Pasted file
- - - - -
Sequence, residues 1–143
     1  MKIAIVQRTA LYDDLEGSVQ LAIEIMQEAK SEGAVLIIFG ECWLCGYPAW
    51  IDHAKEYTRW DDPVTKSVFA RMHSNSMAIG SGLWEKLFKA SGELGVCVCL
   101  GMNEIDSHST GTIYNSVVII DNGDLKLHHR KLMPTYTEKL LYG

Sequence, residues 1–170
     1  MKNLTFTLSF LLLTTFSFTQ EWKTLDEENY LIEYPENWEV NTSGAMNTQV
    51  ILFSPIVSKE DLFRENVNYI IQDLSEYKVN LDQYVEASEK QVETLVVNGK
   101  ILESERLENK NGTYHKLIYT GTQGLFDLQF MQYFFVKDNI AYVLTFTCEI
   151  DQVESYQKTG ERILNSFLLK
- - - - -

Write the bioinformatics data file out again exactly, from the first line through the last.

Sequence, residues 1–143
     1  MKIAIVQRTA LYDDLEGSVQ LAIEIMQEAK SEGAVLIIFG ECWLCGYPAW
    51  IDHAKEYTRW DDPVTKSVFA RMHSNSMAIG SGLWEKLFKA SGELGVCVCL
   101  GMNEIDSHST GTIYNSVVII DNGDLKLHHR KLMPTYTEKL LYG

Sequence, residues 1–170
     1  MKNLTFTLSF LLLTTFSFTQ EWKTLDEENY LIEYPENWEV NTSGAMNTQV
    51  ILFSPIVSKE DLFRENVNYI IQDLSEYKVN LDQYVEASEK QVETLVVNGK
   101  ILESERLENK NGTYHKLIYT GTQGLFDLQF MQYFFVKDNI AYVLTFTCEI
   151  DQVESYQKTG ERILNSFLLK